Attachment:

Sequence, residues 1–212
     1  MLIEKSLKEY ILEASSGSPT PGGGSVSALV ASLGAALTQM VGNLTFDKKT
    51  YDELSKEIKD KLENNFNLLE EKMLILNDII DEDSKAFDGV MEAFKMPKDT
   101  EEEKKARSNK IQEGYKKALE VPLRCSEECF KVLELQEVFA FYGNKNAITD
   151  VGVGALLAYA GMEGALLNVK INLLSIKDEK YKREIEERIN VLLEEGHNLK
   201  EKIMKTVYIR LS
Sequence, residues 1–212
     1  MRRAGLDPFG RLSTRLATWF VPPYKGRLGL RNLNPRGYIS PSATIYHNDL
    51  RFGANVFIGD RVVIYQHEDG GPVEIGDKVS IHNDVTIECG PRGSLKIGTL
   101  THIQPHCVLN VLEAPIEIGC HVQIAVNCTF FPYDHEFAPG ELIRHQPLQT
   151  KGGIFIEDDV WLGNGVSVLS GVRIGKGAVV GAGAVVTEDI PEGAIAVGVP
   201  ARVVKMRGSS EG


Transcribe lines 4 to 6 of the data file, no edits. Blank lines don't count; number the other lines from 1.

   101  EEEKKARSNK IQEGYKKALE VPLRCSEECF KVLELQEVFA FYGNKNAITD
   151  VGVGALLAYA GMEGALLNVK INLLSIKDEK YKREIEERIN VLLEEGHNLK
   201  EKIMKTVYIR LS